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by Lindsey Kempton
Cross-posted with permission from BlueCoda.com
With more and more people relying on mobile devices to look websites up on the go, it’s important to make sure that your website caters to this ever-growing demographic. Designing a site that is easy and simple to navigate on a small touch-screen is vital to avoid frustrating your visitors and losing potential business. So what do mobile users expect?
The one biggest thing you can do to accommodate your mobile visitors, is to design your site to intelligently respond to different device resolutions, from desktops to smartphones. Responsive designs allow the site to adjust it’s layout depending on the size of the screen used for viewing the site. Rather than simply shrink the entire site to fit the screen, items on the page may be allowed to stack and flow differently, creating a longer page, where text, images and buttons stay at a size that is still easily viewable on a small screen. Responsive designs may also change the way a user can interact with the site when on a mobile device. Menus may become device-compatible drop-down menus, and users may be able to use touchscreen features such as swiping, tapping and other actions.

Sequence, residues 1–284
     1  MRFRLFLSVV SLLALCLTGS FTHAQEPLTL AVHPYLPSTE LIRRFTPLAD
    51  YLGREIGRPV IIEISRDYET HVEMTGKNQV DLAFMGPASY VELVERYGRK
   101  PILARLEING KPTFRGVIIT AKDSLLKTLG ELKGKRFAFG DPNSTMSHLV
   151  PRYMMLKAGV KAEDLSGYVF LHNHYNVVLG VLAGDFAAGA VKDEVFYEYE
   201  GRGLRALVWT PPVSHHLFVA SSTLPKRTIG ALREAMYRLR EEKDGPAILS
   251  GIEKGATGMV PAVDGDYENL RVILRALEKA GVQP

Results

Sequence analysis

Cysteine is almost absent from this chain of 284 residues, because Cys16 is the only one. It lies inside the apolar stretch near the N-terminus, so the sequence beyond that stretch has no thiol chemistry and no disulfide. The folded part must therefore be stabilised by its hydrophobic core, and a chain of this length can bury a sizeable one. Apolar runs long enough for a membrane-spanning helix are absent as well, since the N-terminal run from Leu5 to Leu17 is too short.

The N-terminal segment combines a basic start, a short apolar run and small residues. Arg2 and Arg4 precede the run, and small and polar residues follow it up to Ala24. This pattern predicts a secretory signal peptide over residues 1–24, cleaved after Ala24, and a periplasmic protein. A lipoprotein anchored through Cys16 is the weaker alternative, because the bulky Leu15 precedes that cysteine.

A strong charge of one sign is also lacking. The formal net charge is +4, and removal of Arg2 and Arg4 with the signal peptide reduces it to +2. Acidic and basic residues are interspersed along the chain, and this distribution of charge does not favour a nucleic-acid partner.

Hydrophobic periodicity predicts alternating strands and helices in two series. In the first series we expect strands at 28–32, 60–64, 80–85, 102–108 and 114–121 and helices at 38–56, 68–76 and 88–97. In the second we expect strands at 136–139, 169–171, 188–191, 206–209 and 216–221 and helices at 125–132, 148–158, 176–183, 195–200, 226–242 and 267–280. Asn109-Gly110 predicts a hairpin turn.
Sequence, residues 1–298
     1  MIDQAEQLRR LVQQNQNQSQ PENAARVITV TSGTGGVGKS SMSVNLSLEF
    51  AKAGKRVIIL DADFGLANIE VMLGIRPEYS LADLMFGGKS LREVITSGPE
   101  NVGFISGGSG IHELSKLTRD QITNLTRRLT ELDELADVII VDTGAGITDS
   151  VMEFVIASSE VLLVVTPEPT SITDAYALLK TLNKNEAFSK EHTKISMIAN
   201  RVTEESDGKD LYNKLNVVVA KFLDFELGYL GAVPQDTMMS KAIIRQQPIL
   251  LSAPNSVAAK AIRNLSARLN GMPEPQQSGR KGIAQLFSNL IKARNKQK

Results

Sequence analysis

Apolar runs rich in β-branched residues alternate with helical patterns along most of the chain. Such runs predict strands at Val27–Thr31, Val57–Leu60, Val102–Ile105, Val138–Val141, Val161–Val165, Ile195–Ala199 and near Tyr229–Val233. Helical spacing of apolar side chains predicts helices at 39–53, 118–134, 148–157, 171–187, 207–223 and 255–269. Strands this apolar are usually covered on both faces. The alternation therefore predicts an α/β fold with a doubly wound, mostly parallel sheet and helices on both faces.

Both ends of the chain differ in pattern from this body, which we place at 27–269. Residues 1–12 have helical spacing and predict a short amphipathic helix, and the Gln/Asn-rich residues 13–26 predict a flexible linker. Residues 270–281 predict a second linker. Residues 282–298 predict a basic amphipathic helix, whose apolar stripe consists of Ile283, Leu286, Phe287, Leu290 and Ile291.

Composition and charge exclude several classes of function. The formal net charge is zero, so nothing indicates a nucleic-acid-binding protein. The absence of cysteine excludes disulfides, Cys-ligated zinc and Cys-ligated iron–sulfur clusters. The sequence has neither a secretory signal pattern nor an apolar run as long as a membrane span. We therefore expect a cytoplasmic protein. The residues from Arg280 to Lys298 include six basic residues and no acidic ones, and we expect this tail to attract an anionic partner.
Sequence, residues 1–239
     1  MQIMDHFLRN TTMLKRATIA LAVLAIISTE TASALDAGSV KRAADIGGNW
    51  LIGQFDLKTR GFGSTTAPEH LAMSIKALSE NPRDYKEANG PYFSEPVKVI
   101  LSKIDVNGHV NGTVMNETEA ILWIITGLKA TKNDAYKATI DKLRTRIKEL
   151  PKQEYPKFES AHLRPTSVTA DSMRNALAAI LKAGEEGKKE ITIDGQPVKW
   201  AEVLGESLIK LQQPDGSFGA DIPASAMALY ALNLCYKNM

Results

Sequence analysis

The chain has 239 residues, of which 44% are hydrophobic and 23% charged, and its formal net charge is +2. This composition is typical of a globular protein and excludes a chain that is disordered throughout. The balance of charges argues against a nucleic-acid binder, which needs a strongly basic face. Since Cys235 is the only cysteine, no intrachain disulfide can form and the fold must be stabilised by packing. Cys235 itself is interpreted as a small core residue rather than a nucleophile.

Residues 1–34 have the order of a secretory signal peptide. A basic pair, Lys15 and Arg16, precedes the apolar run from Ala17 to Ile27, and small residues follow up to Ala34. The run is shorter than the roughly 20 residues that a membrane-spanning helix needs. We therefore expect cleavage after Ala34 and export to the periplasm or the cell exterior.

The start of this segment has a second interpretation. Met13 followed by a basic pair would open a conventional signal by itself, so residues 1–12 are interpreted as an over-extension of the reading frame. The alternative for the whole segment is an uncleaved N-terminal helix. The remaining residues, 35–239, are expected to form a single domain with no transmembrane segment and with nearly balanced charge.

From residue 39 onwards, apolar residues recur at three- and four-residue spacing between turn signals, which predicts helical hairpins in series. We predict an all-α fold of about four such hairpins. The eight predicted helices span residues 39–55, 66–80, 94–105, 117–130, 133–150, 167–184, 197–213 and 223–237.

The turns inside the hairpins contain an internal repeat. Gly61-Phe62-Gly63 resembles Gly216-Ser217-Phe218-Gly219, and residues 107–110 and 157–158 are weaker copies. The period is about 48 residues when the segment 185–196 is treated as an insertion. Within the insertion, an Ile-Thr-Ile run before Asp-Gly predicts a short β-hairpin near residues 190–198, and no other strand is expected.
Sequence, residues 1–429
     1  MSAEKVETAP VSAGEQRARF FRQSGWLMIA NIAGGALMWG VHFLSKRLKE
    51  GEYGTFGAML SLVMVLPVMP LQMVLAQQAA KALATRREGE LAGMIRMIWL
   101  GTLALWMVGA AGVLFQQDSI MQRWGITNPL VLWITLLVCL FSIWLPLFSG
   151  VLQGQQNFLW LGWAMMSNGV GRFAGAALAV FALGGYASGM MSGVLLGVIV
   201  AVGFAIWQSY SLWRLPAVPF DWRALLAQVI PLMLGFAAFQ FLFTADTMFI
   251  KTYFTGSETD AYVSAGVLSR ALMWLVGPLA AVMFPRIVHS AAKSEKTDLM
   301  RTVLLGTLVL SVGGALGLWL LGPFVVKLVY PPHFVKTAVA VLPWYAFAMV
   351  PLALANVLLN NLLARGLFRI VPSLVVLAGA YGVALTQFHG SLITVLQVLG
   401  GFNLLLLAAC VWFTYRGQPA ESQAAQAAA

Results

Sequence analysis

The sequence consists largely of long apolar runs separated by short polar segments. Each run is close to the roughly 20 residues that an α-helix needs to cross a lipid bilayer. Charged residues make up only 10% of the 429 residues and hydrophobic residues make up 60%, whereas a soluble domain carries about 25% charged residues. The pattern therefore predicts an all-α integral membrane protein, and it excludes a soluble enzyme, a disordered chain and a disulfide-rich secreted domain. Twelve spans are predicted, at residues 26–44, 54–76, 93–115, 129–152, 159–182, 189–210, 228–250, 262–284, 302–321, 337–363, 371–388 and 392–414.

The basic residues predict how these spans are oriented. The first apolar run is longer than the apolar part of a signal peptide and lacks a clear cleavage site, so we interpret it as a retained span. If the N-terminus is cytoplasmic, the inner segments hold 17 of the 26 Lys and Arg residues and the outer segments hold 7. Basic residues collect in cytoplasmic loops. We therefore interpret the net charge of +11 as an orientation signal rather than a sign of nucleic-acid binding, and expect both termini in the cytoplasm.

Link to "Desktop Version"
While a special, responsive mobile version of the site is ideal for many users, it is important to leave a link where mobile users can switch to the version of the site that would be viewed on a desktop computer. If a user is more familiar with the desktop version of a site, it can be more convenient and faster for them to use that version to find the information they are looking for. The "Desktop Version" link should also be placed in an intuitive place, so that users do not have to waste time searching for it. The typical placement for this link would be at the bottom of each page of the responsive version of the site.
Don't Use Flash
This step benefits all visitors to your website, but is especially important for mobile users. A properly optimized website loads more quickly, and if pages are optimized, they will download a minimal amount of data when the page is opened. Both of these are important to mobile users, as many may try to open your page from an area where they have low connection, and need pages to be light in order to load. Even if a user's connection is fast, you still want to make sure that your pages are optimized in order to not eat up users' limited phone data.
Keep Contact Info Handy
Because mobile users are already browsing your site on a device that can easily be used to contact you through other apps, place your contact information in a place that is easy to access. Phone numbers can be dialed by users on smartphones or over VoiP apps and addresses can be opened in a maps app, making the experience more convenient for a mobile user.
By taking the steps to create or refocus your website using mobile-first web design, you embrace a rapidly growing demographic, and allow them to find and use your services as easily as possible.